As with expat communities the world over, I find that every new person I meet knows everyone I have already met, and though it seems insular and disconcerting at first, people are astonishingly interested to hear about my work and keen to offer contacts and guidance and support.

It’s occidental fall and, therefore, grant-writing season, and I find a whole host of Madagascar conservation NGOs—Madagasikara Voakajy (MaVoa); Arongampanihy, Culture, Communication, et Environnement (ACCE); and Mitsinjo just to name a few—are eager to review my countless grant proposals and pledge collaboration on my plans to initiate a community-based bat roost monitoring project in the Mangoro River Valley next year.


And there are old friends to call on, too, for Madagascar—and Tana specifically—is beginning to feel very much my second home. Voadalana is the Malagasy tradition of gift-giving after travel, and everyone wants something from America-land.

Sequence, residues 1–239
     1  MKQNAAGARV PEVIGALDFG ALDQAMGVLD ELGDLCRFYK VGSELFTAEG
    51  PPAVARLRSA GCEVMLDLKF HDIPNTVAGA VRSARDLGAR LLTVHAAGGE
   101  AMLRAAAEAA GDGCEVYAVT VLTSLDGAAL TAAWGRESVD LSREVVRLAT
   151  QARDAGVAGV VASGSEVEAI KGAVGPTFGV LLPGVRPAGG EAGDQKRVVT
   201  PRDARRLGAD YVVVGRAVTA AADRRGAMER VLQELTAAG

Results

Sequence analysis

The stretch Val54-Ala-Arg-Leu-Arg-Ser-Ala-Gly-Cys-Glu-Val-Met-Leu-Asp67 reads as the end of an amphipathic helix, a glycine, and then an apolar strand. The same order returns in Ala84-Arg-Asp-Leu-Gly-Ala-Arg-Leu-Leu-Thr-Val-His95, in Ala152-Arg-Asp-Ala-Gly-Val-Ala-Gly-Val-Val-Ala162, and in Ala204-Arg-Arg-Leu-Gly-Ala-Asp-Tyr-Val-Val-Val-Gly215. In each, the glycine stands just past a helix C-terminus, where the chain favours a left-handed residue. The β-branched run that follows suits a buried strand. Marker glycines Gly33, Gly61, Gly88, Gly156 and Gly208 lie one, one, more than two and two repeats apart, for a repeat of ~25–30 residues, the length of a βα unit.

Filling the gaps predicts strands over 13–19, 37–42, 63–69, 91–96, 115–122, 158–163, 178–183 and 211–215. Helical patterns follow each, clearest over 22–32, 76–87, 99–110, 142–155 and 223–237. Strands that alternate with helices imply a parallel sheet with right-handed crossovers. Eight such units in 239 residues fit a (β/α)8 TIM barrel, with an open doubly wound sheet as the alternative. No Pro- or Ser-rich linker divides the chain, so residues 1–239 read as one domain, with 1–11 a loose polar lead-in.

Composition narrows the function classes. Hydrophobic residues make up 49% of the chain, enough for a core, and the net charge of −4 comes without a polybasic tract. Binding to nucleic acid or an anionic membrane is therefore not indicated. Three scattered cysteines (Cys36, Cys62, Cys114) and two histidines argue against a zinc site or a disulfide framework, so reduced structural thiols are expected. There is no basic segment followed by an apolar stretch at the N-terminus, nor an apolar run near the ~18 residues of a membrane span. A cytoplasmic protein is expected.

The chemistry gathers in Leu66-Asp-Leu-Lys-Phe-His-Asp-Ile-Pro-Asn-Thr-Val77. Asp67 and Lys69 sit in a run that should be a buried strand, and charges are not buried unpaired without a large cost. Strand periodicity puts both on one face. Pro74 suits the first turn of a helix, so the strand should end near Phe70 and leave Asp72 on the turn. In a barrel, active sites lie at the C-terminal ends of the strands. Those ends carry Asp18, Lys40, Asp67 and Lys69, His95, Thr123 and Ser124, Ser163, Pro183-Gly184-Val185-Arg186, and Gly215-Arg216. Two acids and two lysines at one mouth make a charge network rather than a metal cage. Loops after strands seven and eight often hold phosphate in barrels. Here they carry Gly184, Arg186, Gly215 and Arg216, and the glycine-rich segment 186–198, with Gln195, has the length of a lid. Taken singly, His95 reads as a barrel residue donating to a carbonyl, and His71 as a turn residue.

I try to save money by passing off free Princeton T-shirts from intramural sports to those more demanding and less sincere, but for others—Christian and his fiancée, brother, and mother—I am careful and thoughtful with my gifts: an Indiana Jones-style leather field hat for Chris to replace the floppy, broken thing he wore all summer; a Nike track jacket for Avotra, his fiancée, a Ralph Lauren polo for Princey, his preppy little brother; and though it broke my bank account even at the half-off sale price, a Brooks Brothers sweater with the Princeton crest for Christian’s mother. I want to give them something they really are not going to find in Madagascar.

The Political Climate